Sealed built a business around predicting energy use and getting homeowners to ditch fossil fuels. So, of course, the company’s first acquisition is a startup that tracks energy on a granular level.
Sealed did not disclose the terms of the deal, but said in a pronunciation that boasting InfiSense of Burlington, Vermont, it would help “reduce home energy waste.”
Headquartered in Manhattan, Sealed finances and oversees electrification upgrades, such as replacing oil or gas heaters with electric heat pumps and insulation. Removing fossil fuels from homes can lower energy bills, reduce household emissions and improve your health. You may have seen this topic in the news recently because possible stove regulations are now the latest flashpoint in one culture war over clean energy.
Until then, InfiSense’s sensors and software monitor air quality in addition to building energy use, and Sealed plans to share this type of air quality data with customers at a later date.
Sealed is unique in pre-covering installation and weather influences. Instead, it charges a flat fee based on how much energy the machine learning algorithms predict homeowners will save over time. If Sealed underestimates a home’s energy use, it cuts costs — hence the need to tighten those predictions.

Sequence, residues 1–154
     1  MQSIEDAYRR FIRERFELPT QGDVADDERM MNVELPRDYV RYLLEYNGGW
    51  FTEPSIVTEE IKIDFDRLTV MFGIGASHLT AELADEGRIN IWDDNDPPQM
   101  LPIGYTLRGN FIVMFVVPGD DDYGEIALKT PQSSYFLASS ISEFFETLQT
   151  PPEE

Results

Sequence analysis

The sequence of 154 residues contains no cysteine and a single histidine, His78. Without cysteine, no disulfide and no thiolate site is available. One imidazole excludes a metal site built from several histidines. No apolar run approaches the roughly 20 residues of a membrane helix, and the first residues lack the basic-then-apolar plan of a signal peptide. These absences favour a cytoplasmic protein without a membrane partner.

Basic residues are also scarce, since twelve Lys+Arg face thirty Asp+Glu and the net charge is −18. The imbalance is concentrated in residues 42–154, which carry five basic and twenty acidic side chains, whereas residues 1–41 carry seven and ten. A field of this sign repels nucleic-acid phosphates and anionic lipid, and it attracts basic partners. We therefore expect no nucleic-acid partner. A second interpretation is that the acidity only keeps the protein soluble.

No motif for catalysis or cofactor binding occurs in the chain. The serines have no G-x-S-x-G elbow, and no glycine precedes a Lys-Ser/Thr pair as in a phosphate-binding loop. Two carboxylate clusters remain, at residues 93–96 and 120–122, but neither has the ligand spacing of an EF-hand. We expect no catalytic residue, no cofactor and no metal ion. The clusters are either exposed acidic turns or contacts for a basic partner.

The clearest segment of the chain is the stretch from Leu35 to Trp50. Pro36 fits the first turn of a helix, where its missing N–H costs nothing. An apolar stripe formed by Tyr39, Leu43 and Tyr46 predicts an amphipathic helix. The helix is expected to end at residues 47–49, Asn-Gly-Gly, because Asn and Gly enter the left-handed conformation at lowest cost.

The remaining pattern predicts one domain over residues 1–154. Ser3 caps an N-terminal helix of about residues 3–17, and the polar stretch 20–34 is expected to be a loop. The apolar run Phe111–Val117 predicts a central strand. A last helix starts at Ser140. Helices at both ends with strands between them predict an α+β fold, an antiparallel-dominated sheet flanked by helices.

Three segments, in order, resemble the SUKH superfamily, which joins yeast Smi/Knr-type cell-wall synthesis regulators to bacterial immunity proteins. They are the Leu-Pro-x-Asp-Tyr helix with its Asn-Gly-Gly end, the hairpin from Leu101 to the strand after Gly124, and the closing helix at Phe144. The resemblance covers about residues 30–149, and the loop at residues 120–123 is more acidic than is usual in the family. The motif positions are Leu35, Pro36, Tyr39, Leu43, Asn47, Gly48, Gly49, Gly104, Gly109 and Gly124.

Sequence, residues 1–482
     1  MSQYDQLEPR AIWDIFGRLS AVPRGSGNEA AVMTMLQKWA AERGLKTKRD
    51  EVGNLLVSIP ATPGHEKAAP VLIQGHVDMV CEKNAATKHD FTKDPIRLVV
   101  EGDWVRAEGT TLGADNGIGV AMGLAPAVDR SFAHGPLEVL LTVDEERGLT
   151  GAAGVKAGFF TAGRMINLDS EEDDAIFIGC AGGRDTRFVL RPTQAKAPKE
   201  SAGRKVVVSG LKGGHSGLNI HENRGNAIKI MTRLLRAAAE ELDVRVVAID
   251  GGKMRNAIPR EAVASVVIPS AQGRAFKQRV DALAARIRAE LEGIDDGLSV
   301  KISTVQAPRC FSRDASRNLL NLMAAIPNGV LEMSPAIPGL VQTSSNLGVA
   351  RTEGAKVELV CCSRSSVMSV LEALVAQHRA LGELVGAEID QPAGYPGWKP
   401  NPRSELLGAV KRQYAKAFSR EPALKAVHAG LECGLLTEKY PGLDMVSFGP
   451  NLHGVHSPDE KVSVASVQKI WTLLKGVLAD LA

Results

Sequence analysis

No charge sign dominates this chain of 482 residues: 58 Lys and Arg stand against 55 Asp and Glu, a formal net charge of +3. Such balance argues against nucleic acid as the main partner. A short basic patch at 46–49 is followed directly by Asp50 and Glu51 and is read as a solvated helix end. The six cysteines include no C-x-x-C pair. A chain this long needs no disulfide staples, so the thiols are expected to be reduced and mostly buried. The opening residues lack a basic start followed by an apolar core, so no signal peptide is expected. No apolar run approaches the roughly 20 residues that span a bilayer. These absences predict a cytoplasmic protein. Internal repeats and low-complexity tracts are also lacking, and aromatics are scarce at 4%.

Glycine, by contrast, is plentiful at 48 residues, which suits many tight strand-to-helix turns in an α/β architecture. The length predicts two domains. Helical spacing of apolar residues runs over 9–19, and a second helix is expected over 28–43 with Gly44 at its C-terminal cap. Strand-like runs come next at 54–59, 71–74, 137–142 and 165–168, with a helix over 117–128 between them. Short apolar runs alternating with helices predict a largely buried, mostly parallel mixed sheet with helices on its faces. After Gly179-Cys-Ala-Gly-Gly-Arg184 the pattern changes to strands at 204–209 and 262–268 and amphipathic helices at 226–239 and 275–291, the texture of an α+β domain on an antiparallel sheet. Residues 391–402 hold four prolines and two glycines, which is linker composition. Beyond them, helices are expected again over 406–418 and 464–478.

The “lifeblood of our company is our ability to predict people’s energy use over time, and that depends on good access to data,” said co-founder and CEO Lauren Salz in a conversation with australiabusinessblog.com. Currently, Sealed’s algorithms rely on monthly energy data from utilities, but bUsing InfiSense gives it “access to a deeper level of customer data,” Salz said.
Sealed plans to install InfiSense’s sensors in some customers’ homes, but Salz said it doesn’t need them. The data Sealed collects will support its predictions and allow curious customers to take a closer look at their energy use and air quality.